Fabio will again be representing Curacao at the Dresden Olympiad.  He can take with him a personal best for this tournament; his score of 5.5 tied for best result for a player from Curacao.

And with that, I will segue back into the chess.  I received a rude awakening in the third round, losing to Spanish IM Luis Javier Bernal Moro.  I felt objectively that I should accept a repetition (Black is not entirely forced into it, but he planned to take the draw) with 24.Bd2, but I was too stubborn for my own good.  24.Nd4 was a ridiculous move.  I hoped for 24…Qxb2? 25.Na4, but he thought for about two seconds on 24…Nc7 and I was suddenly clearly worse.  He outplayed me efficiently after that.



I had created a monster, and other players would soon join in on the process.  In the next round Anna Zatonskih turned down a draw, without justification, and lost a few moves later.  In round six, Christiansen pressed hard and spurned chances to draw.  Bernal then beat young Dutch IM Robin Swinkels (the first person to play scuba chess games on consecutive days; first with IM Hans Bohm, then with our own Anna Z.) and held Daniel Fridman to a draw.  Unfamiliar with Spanish names, the organization wrote out his name card as L.J.B. Moro, when Bernal is his proper surname, and Moro his mother’s surname.  But Moro seemed appropriate, as the diminutive Spaniard was playing like his powerful Russian namesake.  With a full-point lead going into the last (and a GM norm in his pocket) the first place trophy looked already ticketed.

After doing nothing for most of the tournament, I got back into contention by knocking off the second seed, Dutch GM Jan Werle.



Werle chose the Zaitsev Variation for the first time in his career (he normally plays 9…Na5).  I thought it would be wise to avoid his preparation and maneuver around.  I didn’t give much thought to the Marshall like sacrifice that could have arisen after 14.exd5 Qxd5 15.Bb3 Qd7 16.Nxe5 Nxe5 17.Rxe5 Bd6.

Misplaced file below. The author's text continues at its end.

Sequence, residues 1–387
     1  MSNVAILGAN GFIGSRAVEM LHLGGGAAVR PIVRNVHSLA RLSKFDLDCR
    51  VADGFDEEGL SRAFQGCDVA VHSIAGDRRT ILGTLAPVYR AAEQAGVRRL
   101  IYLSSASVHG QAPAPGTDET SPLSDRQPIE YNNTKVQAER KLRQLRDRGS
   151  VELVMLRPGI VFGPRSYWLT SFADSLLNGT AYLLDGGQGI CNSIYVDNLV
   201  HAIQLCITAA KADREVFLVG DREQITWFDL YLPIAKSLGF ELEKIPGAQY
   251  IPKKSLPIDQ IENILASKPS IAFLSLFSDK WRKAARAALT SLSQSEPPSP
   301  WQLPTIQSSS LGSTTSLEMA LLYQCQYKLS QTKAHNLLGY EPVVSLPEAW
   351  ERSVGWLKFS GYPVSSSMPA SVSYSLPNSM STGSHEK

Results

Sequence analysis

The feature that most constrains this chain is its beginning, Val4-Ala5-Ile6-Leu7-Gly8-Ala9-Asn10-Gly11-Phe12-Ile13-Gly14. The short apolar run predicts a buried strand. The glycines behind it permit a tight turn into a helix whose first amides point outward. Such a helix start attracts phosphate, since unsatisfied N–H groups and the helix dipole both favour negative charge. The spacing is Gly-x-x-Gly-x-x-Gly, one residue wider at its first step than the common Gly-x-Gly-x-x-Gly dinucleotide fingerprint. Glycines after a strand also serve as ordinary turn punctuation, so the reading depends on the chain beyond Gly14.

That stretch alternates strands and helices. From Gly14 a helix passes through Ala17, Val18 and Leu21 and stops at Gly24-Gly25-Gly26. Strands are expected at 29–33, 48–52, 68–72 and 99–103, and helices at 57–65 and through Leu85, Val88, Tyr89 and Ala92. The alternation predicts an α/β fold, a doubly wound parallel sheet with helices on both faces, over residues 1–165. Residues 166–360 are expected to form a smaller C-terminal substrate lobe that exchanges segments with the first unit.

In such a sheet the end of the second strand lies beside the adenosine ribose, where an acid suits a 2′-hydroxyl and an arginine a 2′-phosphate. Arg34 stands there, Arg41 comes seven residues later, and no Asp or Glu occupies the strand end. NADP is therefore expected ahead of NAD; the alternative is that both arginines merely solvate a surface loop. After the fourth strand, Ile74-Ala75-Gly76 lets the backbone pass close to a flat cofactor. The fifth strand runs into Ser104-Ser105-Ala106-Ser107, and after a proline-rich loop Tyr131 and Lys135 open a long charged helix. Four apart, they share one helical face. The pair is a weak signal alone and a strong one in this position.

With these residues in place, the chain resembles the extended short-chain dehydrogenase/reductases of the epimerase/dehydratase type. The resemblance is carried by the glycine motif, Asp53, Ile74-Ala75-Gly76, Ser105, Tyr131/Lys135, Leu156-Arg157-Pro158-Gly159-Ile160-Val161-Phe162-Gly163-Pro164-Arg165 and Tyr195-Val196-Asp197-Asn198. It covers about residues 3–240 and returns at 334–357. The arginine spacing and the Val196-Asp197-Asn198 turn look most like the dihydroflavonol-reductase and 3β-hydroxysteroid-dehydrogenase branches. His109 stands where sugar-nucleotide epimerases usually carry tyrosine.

18…Bc8? (18...a5 looked better) 19.b4! cemented my advantage.  With 16.Ba2, I set a sneaky trap, though Black has to pitch a pawn with 16…Be7 to avoid it.  After 26…Rb7 27.Qd2, Werle did not need to be shown 27…Ra7 28.Bxf7+! Kxf7 28.Qa2+.

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Check out two games from Larry below. Photo Natasha Christiansen


Larry needed less time to get warmed up.  Top-seeded Fridman’s opening novelty 12…Qd5 looks poorly conceived.  Larry apparently had even stronger continuations in 15.Ne5 and 17.Bxe7.  Fridman defended doggedly but Larry ultimately squeezed out the win with a minimum of material left.



Larry had a bit of fortune in Curacao, though I believe an aggressive, confident player like Larry has a hand in creating good luck.  He over-sacrificed against Swedish GM Pontus Carlson but won in the end.  [He had to promise Natasha not to sacrifice two pieces after that game] 

Then there was this escape from the penultimate round:

Larry Christiansen-Jan Werle
Curacao (8), 2008
 
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White to Move


Here Larry had no choice but to risk 1.Kxc5, but it loses by force!  Werle answered 1…Qd6+ 2.Kc4 Qc7+ 3.Kxb4 and went deep into thought.
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Position after Kxb4. Before scrolling down to read the analysis, can you see how Black can win by force?

After a minute or so I noticed what was up.  I was pretty sure Larry did, too.  I noticed Bernal and another Spanish player whispering to each other about the game.  Though Werle couldn’t hear them, the mere sight of players discussing your game intently can lead you to suspect a combination is at hand.  So I positioned myself in between.

With about forty seconds left Werle played 3…Qb6+?? 4.Ka3 (4.Kc4 would give Black another crack at the combo) 4…Qc5+ 5.b4 Qxf2 6.Kb3 Qb2+ 7.Kc4 Qa2+ 8.Qb3 Qe2+ 9.Qd3 Qa2+ ½-1/2